Retail therapy is a term for buying things in order to cheer up, boost self confidence, or avoid a depressing or stressful situation. It is a very common practice in modern society, and is not necessarily harmful in moderation. Obsessive retail therapy is sometimes referred to as retail or shopping addiction, and may indicate severe depression of psychological problems, as well as leave shopping addicts with mountains of debt.
Since the advent of credit lines, shopping has become easier and far less need-based. People shop to stay up on trends, impress others, or affect their own feelings. The abundance of products and effectiveness of advertising both send the message that shopping can be entertaining and fulfilling as well as simply resulting in purchasing necessities. The culture of shopping as an activity can be said to have created the concept of retail therapy.
People seeking retail therapy are usually trying to brighten their mood or improve their lives, even if only temporarily. The practice can take many forms, with both positive and negative effects. Some people shop to reward themselves for losing weight, getting a promotion, or scoring high on a test. People in unsatisfactory relationships may indulge in the practice to cheer themselves up, and also to anger significant others about spending money. Still others enjoy retail therapy as a way to escape stress in daily lives; problems at work, impending finals, or difficult family situations may all seem more manageable after a break to go out and have a shopping treat.
Retail therapy usually involves purchasing items for personal use. Clothing, electronics, gadgets, and beauty products are all examples of products that may provide mood boosts and instant gratification. Some people may get a kick out of purchasing luxury designer items, while others will feel better and more gratified if they come away with a great bargain or unexpected sale items.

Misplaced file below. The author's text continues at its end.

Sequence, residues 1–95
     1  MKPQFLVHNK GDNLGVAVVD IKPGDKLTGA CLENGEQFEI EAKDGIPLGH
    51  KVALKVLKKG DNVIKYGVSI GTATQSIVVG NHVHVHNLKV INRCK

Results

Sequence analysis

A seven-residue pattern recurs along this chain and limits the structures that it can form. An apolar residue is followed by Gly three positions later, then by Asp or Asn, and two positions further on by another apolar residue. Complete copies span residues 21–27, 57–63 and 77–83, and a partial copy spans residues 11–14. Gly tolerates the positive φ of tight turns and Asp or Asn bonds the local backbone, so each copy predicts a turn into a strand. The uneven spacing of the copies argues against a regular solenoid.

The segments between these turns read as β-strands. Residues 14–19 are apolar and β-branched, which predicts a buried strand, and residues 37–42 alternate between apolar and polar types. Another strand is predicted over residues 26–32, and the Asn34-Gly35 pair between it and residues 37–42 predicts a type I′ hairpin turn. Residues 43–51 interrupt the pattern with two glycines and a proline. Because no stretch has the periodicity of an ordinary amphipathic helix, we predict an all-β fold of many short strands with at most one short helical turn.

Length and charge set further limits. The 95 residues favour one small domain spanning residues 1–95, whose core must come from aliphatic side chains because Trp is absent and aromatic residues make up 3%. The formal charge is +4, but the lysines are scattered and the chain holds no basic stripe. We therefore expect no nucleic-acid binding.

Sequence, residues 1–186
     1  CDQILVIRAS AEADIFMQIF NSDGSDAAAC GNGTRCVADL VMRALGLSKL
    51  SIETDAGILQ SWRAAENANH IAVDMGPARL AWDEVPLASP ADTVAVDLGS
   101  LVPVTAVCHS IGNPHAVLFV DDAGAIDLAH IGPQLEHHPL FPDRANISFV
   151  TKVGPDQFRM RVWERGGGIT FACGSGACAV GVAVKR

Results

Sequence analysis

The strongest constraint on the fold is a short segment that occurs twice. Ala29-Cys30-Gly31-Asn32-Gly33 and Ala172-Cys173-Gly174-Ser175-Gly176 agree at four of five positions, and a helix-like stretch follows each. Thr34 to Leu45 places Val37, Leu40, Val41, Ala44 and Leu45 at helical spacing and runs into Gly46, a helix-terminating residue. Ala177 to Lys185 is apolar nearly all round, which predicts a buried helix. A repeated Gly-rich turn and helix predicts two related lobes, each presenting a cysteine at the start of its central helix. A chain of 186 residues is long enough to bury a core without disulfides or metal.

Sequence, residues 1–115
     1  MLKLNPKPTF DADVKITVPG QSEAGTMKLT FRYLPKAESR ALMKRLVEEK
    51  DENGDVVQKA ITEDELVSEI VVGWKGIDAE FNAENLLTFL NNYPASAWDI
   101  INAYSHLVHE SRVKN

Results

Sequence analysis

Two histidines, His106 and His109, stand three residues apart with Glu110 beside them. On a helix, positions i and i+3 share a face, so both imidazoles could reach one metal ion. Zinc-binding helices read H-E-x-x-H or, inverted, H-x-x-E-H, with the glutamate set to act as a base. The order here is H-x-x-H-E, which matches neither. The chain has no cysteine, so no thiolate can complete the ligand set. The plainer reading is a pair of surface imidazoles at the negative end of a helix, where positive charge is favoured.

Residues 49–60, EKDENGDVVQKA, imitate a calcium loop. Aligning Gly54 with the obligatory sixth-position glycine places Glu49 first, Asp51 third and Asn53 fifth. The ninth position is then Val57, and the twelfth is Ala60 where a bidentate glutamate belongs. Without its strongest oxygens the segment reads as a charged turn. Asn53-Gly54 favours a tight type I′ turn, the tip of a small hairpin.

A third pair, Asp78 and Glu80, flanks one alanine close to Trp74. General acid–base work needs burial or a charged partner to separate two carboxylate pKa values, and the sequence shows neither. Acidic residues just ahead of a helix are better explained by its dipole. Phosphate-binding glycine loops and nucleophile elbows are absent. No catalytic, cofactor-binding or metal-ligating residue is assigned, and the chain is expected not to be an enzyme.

The line between occasional retail therapy and shopping addiction is somewhat blurry. People that are addicted typically will accept the short-term mood boost in the face of long-term, more devastating consequences. Without a realistic budget, people can quickly overspend and turn to credit cards, delaying payment but usually increasing the total amount paid when interest is included. Worse, overspending can actually amplify stress and unhappiness, leading to a greater compulsion to temporarily avoid pain by shopping.
People suffering from shopping addiction may need financial and psychological counseling before they destroy their credit, savings, and future. Although it is easy to think of shopping addicts as vain and out of touch, they are often suffering genuine pain and feel that there is no escape other than to shop. Through professional therapy and discipline, shopping addicts can overcome their spending problem and find new outlets to relieve pain and depression.
In order to indulge in retail therapy without venturing toward debt or addiction, set realistic guidelines. Make a monthly budget to determine how much spending money can be used for non-essential shopping, and stick to it. Try to indulge the desire to shop during yearly sales; post-Thanksgiving and Christmas sales are legendary, and can be a good way to shop all day but not overspend. Take friends with similar budget restrictions and challenge one another to find the best deals.
If there is no money in the budget for extra spending, look for other forms of personal reward or mood enhancement. A long walk, free yoga class, or hot bath can help some people de-stress. Arrange a closet-switch with a group of friends and walk away with a whole new wardrobe. Take old books to a secondhand bookstore and trade them for a brand new library. Even going to the pound or pet store and hugging a lonely puppy can give a temporary mood boost.